Give
each student a paper plate. Ask the students to divide their plate down
the middle. Tell them to put four pasta shapes on one side and two
pasta shapes on the other side. (The purpose of this lesson is to
explore the relationship between addition and subtraction.) Have the
students record the number of pieces on each side, and then cover one
side. Ask what subtraction sentence they could write to describe the
"take away" situation. Have them repeat the exercise by covering the
other side.
Then ask what addition sentences describe how the two sets can
be joined. Finally, ask the students to write the four sentences these
two sets suggest. [4 + 2 = 6; 2 + 4 = 6; 6 – 2 = 4; 6 – 4 = 2.] Have
volunteers tell stories that fit each of the equations. This activity
will help them focus on the relation of subtraction to addition. Now
have them put four pasta pieces on one side of their plates and zero
pieces on the other side.
Call on a volunteer to tell each of the appropriate subtraction and addition stories. Then
call on another student to record the two addition and subtraction sentences.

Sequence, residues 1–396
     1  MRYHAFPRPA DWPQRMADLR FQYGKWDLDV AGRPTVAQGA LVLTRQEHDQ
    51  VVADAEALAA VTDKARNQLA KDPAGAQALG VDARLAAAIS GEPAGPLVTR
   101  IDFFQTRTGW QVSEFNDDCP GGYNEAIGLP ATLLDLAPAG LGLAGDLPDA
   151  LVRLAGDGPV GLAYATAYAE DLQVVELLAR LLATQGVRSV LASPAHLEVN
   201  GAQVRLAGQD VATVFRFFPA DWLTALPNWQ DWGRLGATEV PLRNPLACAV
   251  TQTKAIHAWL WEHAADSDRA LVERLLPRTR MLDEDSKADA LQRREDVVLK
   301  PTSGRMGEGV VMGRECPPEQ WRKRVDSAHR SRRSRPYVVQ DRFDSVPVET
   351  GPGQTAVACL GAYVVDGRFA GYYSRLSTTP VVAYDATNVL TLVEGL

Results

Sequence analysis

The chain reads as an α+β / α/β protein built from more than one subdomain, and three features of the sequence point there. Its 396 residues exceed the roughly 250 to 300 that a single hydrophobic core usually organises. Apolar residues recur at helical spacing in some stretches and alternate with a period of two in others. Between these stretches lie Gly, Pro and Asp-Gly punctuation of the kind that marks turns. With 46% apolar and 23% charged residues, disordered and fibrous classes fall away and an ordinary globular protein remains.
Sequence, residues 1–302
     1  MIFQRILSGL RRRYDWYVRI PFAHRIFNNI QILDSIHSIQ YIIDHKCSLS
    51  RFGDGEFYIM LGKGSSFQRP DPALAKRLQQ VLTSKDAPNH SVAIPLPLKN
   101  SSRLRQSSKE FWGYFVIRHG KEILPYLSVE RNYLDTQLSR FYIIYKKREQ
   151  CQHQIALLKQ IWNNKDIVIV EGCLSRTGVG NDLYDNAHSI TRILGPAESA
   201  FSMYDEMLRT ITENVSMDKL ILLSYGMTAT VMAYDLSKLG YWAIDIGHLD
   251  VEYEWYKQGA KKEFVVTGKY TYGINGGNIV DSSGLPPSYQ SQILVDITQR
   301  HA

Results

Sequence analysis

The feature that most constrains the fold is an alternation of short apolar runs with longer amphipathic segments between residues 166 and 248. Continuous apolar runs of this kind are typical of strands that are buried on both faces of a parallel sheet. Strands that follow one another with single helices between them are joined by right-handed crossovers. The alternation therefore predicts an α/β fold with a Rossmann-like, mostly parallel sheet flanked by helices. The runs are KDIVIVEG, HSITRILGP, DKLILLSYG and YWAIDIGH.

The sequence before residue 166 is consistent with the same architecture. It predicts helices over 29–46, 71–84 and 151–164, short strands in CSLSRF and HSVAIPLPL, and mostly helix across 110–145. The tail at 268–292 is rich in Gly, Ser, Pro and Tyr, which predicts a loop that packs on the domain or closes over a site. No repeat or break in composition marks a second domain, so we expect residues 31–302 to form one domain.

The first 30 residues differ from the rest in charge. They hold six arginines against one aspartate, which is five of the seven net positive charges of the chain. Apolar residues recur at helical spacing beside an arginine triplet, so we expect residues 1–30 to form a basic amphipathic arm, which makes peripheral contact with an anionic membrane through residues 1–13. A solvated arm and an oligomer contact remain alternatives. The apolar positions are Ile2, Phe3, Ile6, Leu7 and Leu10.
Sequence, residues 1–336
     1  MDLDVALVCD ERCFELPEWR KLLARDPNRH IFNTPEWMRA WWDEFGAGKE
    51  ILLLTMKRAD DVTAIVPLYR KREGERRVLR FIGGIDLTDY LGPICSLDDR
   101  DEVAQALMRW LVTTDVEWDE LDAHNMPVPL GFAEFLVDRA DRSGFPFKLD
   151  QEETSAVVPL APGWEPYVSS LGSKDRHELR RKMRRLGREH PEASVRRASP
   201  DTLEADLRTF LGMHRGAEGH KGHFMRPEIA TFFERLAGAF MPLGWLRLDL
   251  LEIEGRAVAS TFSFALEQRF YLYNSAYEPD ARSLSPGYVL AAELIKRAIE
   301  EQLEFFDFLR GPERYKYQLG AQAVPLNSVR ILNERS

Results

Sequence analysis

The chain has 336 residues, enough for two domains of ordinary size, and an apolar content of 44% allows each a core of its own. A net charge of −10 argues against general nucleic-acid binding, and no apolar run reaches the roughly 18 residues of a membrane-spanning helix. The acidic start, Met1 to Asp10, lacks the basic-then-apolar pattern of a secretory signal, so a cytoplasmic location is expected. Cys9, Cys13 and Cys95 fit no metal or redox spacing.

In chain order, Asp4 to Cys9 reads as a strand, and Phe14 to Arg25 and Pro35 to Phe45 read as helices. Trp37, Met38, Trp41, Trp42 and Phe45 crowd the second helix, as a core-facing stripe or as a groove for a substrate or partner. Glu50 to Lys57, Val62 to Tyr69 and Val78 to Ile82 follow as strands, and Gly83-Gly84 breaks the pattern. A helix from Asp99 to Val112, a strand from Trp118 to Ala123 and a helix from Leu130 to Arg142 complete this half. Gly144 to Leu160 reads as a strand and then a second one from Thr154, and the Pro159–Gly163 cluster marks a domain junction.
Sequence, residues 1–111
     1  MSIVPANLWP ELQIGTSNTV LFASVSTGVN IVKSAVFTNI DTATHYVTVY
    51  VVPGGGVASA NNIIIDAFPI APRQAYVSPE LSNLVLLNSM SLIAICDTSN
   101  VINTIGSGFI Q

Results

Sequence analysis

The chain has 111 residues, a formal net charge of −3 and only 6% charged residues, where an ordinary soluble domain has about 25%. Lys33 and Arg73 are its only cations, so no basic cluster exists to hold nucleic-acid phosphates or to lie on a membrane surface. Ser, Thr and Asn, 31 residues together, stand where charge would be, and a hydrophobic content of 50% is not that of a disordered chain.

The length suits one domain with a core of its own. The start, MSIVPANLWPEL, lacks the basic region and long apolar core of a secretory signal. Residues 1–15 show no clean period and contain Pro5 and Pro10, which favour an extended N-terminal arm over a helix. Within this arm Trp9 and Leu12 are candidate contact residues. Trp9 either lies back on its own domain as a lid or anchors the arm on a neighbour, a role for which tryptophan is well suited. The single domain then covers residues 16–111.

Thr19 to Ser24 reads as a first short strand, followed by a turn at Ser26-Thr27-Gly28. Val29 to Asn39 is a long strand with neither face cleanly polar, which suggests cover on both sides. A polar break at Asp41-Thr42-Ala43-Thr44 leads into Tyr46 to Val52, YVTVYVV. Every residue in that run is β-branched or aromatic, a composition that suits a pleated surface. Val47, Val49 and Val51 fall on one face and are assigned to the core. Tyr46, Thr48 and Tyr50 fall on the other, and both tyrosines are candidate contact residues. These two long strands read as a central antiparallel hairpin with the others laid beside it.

4 + 2 = 6  2 + 4 = 6  6 – 2 = 4  6 – 4 = 2 

If the students seem comfortable with this process, distribute pasta
shapes to pairs of students and have them take turns making two sets,
covering one group of pasta shapes, and writing equations. Then call
the students together and ask a volunteer to make two sets and write
the four number sentences (two addition and two subtraction) that the
sets of pasta suggest. You may wish to repeat this with other
volunteers. Invite one of the students to make two sets, each with five
pasta shapes, and write the related addition and subtraction sentences.
[There will be only one of each.] Finally, ask the students to write
the set of number sentences that would be appropriate if one set had
six pieces of pasta and the other had zero.
Tell the students that you are thinking of a piece of paper that has
eight pieces of pasta in all, and two are on the left side. Ask them to
determine how many are on the right side of the paper. Invite the
students to consider the equation: 2 + _ = 8. Remind students that
eight is the sum and that the other two numbers are addends. Ask: What
is the missing addend? [Six.] Repeat with other examples. Ask the
students to record one of the examples and to illustrate it with a
picture.